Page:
Many Americans use social media to communicate with friends and family, meet new people, and share their lives. People often reveal a lot of information about themselves online, and unfortunately, the impact of social media on a personal injury claim can be very negative. Things you say online may be taken out of context or used against you in your claim. So while you have a personal injury claim pending, we encourage you to keep the following tips in mind regarding your social media presence.
Why Social Media Is Admissible
In Missouri, trials must follow the Missouri Rules of Evidence. Under these rules, statements that people make outside of court are typically considered to be hearsay and are inadmissible. However, there are exceptions to this rule, including when a party makes a statement.
When you file a personal injury claim, the statements that you have made outside of court can be used against you because you are a party to the case. The statements that your family and friends make on social media are likewise admissible to the extent that they contradict any testimony that they give on your behalf in court.
The Impact of Social Media on a Personal Injury Claim
Though it may seem fun and harmless, posting on social media can hurt your personal injury claim, especially if you make seemingly innocent statements that can later be misconstrued or twisted to benefit the defense/insurance company. If you inadvertently say something online that contradicts your case, your actions may make it harder for you to recover compensation for your losses. Whether you post a status update, publish a picture, or upload a video, the statements you make online may call the facts of what occurred into doubt. Knowing this, many defense attorneys pore through social media to try to find statements that they can use against injured plaintiffs.
There are two main ways that social media can harm your personal injury claim. First, they may contradict your testimony. Second, they may show (or seemingly show) that your injuries are not as extensive as you claim. Examples include photos of family vacations, e.g. a photograph may show the injured plaintiff simply standing in front of the camera, but the fact that the photo was taken at an amusement park or vacation spot allows the defense to imply to the jury that the injury victim was well enough to do all of the activies one might do at those locations or destinations.
Social Media Updates May Contradict Your Testimony
When you post on social media about your personal injury case, you might say something that goes against what you’re claiming in your case. For example, if you claim that you sprained your ankle but post that you’re running a 5k race, a defense lawyer will challenge that you were injured. Or if you claim that you were injured at a grocery store at 5:00pm but you checked in to your yoga class on Facebook at that time, this contradiction may be used against you.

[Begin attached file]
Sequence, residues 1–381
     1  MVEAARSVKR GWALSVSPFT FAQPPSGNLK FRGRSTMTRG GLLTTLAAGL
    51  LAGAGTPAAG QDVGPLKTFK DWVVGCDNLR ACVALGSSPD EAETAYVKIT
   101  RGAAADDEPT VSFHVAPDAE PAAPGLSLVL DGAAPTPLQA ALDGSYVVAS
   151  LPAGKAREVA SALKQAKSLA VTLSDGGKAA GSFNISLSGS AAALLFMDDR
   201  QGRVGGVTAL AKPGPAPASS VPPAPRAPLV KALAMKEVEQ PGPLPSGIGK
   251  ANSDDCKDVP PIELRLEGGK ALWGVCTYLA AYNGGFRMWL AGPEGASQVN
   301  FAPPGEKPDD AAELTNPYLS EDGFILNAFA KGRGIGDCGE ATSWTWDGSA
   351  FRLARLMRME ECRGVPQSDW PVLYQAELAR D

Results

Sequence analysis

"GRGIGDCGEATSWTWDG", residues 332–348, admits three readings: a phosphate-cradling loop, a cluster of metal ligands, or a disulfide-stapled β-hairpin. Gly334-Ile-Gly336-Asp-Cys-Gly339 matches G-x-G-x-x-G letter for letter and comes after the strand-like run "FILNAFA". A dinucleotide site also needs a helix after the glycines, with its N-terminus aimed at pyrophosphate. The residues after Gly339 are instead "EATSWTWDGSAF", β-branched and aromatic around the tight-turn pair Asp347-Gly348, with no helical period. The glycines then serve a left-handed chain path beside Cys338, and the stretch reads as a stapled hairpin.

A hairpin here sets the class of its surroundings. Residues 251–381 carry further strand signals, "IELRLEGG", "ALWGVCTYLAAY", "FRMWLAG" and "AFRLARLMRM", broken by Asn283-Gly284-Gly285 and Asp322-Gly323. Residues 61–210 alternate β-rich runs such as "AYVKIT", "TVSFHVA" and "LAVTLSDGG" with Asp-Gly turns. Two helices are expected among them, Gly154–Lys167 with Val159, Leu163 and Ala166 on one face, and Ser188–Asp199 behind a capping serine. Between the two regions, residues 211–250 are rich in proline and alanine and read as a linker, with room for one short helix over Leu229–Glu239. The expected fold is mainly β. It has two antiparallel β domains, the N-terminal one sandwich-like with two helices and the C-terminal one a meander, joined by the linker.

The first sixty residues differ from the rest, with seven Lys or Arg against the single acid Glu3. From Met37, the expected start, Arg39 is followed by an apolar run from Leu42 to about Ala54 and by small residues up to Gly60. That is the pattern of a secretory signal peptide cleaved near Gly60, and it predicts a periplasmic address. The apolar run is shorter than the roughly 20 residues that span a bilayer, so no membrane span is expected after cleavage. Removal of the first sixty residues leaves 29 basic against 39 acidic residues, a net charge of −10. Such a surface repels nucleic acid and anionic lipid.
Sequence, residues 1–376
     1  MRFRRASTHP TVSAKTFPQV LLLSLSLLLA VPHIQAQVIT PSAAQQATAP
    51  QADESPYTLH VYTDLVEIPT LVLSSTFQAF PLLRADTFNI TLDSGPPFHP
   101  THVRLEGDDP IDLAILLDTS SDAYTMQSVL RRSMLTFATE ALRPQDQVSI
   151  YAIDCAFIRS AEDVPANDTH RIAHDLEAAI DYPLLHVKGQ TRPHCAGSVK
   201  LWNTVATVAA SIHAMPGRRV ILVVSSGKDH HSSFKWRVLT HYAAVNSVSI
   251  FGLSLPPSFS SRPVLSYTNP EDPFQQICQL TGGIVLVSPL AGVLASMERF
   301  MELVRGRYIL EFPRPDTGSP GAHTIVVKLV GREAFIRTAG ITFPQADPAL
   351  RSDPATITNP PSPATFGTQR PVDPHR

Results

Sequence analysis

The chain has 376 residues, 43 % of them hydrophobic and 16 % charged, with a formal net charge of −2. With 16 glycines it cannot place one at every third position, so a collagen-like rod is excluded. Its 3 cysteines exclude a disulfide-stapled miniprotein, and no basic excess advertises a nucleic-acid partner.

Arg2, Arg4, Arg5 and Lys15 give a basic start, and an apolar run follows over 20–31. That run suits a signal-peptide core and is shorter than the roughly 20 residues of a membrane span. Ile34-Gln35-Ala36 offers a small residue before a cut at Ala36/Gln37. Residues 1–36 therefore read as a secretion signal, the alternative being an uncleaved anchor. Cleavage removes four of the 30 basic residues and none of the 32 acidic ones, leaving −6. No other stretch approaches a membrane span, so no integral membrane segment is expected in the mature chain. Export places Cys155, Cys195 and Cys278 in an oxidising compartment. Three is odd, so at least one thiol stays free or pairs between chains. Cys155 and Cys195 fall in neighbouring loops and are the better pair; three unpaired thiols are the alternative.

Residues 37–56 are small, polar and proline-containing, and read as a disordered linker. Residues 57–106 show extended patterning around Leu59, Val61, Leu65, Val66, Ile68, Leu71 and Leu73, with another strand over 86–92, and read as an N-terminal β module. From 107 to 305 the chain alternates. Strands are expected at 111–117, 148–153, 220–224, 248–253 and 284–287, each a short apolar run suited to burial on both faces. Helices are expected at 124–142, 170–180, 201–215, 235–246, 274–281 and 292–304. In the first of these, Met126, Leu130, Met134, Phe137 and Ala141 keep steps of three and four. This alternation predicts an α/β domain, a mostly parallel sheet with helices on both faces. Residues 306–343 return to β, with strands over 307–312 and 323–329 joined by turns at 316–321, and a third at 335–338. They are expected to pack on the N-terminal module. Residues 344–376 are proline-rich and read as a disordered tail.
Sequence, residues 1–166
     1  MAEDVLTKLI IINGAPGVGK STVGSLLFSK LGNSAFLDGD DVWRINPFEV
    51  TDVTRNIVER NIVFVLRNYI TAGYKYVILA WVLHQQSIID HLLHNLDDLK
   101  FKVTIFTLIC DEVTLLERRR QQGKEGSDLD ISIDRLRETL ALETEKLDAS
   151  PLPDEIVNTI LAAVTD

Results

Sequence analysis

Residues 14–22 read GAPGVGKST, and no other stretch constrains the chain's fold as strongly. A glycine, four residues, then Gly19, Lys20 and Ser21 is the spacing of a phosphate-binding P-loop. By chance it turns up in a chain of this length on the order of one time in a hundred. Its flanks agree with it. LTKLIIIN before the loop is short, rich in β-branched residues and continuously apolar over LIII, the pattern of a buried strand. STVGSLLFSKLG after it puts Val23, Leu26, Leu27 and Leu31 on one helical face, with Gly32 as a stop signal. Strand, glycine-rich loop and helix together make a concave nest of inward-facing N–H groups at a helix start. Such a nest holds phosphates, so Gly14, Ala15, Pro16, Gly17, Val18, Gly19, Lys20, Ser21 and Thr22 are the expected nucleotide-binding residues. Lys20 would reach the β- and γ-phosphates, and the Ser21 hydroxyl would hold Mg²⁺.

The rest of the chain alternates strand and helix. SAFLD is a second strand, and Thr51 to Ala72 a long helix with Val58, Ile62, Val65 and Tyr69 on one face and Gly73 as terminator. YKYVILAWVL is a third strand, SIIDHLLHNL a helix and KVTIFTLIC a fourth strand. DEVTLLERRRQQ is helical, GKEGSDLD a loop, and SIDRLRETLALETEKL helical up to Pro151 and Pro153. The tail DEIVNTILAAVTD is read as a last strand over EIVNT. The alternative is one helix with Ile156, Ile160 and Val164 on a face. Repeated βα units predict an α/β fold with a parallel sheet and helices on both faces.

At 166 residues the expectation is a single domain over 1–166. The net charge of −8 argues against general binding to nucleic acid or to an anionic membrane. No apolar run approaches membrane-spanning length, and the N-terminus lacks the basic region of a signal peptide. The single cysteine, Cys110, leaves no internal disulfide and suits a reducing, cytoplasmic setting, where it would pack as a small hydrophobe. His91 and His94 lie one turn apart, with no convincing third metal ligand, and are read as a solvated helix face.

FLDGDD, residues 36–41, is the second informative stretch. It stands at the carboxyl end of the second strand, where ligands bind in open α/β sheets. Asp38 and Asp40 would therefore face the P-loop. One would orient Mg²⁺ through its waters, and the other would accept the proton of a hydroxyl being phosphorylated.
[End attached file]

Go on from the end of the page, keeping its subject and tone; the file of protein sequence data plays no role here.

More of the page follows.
It is always important for you to be honest about your losses and injuries as well as the details of your claim. Contradictory posts on social media can destroy your chances of recovering compensation.
Social Media Updates May Show Your Injuries Aren’t as Extensive as You Claim
Defense lawyers may also use your social media check-ins to dispute the severity of your injuries. If you’re participating in any activities and posting about them online, the text, images, or videos may be used as evidence that your injuries are not as extensive as you claim. For example, if you claim that you broke your leg and then post pictures from a family vacation in which you’re water skiing, the defense may use the photos to show your physical capabilities and dispute your injuries.
Again, it is important to be truthful about your claim and avoid posting on social media while your case is pending.
How to Handle Your Online Presence to Avoid the Impact of Social Media on a Personal Injury Claim
Social media is a landmine when it comes to personal injury claims, so be careful with what you post on your own profile, what you comment on your friends’ profiles, where you check in, and more. Follow these tips to protect your case:
- Never discuss your case or your injuries online.
- While your claim is pending, limit your use of social media. Avoid it entirely if possible.
- Think carefully before posting pictures, videos, or check-ins that involve certain activities or locations.
- Switching your profile from “public” to “friends only” may not protect you, as the defense may know some of your friends and ask them for information. The defense can also file a demand for the production of documents, including copies of your social media pages, even if your account is private.
Plus, any dispute over social media can complicate and lengthen your case. You may need to make several visits to court so that your attorney can argue about whether you are required to produce records of your social media pages for the defense. While there is no privilege for social media, social media discovery must be relevant to the case. The defense can’t request vast records simply to engage in a fishing expedition.
If you were injured and are planning to pursue a personal injury claim to recover compensation, avoid posting on social media if at all possible. Social media can seriously jeopardize your injury claim, or at the very least complicate and lengthen it.
Have you recently been injured due to someone else’s negligence? Instead of posting about it online, contact the Law Offices of Bryan Musgrave. Our knowledgeable, reliable attorneys can help you pursue the compensation you deserve. Call us at 417-322-2222 or request a free quote online.